All in all, that adds up to quite a brief, particularly on a limited budget. We were very lucky to find a developer in Max Communications who were interested in our project and who were prepared to try and meet the challenges it represented, responding to our various requirements with sincere and credible solutions. Our vision for the site was complex and ambitious, and while there are probably places where we haven’t quite realized everything we set out to accomplish, the site does meet all our major requirements, and is something which we hope Fellows of the Society can feel proud of.
One of the central collections featured in the Digital Library is the digitized archive of Thomas Manning (1772-1840), who was one of Great Britain’s first Sinologists, and the Society’s Honorary Chinese Librarian. In 2015 the Society acquired a collection of Manning’s letters and correspondence, with support from a number of partners including the Heritage Memorial Fund, the Purchase Grant Fund, and the Friends of the National Libraries. The archive was catalogued by Nancy Charley, the Society’s Archivist, in 2016, and Max digitized the entire archive and devised a way to upload the images alongside Nancy’s catalogue. Not only has this important collection – a new source for the study of how British people in the early 1800s thought about Asia and the wider world – been saved for the nation, but it is now fully accessible by anyone with a computer and an internet connection. We should be able to apply the same technical process to other digitized archives in future.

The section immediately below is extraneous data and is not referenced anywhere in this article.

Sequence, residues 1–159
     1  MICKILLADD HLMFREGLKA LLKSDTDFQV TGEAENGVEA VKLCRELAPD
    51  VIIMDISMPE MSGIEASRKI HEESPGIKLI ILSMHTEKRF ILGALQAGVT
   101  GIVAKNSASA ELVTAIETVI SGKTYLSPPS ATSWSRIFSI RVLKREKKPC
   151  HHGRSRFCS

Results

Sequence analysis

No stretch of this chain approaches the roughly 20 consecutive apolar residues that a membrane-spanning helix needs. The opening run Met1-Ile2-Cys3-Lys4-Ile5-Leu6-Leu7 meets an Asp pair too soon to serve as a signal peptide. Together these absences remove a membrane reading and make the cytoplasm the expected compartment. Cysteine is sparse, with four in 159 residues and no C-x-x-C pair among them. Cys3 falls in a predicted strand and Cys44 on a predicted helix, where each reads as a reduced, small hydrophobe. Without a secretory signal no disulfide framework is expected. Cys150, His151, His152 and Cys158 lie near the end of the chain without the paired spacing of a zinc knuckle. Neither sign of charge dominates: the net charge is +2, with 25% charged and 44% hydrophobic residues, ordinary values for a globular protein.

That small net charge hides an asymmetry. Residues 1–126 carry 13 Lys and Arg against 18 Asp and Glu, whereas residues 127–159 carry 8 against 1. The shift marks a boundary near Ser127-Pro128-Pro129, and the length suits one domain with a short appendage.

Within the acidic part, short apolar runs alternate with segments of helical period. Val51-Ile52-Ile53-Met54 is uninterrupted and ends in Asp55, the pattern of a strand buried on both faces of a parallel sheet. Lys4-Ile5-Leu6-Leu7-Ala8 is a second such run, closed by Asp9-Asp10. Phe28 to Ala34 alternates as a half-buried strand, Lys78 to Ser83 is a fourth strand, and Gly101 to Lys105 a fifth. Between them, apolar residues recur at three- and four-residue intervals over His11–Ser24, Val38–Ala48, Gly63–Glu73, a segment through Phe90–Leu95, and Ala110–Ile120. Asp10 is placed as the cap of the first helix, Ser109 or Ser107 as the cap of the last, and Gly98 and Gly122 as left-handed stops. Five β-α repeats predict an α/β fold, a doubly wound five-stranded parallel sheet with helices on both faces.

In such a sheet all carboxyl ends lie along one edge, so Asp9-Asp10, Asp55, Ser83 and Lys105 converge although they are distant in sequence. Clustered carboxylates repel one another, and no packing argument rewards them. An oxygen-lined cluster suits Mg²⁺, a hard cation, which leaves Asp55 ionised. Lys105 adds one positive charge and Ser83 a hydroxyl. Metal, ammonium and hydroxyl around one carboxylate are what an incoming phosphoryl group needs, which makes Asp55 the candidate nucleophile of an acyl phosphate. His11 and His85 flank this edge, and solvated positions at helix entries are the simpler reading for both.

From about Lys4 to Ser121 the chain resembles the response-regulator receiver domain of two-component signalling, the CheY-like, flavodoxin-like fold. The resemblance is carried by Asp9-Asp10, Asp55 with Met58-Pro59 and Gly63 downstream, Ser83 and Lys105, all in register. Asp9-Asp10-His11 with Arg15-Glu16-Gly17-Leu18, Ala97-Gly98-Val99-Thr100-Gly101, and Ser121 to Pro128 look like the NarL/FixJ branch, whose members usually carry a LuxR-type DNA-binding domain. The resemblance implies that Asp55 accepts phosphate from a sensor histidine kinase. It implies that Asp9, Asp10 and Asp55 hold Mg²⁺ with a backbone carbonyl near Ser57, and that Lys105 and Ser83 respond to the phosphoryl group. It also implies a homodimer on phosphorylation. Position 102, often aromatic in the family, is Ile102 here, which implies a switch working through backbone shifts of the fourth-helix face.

The Digital Library launched with three exquisite Persian manuscripts, which are the RAS manuscripts on long-term loan at Cambridge University Library: the Shāhnāmah of Muhammad Juki, the Gulistan of Sa‘di, and the Masnavi of Zafar Khan. These were digitized with the support of Professor Charles Melville, Dr Firuza Melville and the Pembroke Shahnama Centre for Persian Studies, and Dr Barbara Brend, and they are also available on the Cambridge University Digital Library. We are proud to be able to display them on our own site, where the context of other RAS collections helps situate these manuscripts within the Society’s history, and enables us to better understand their historical contribution to how the Society has conceived, and sought to realize, its vision.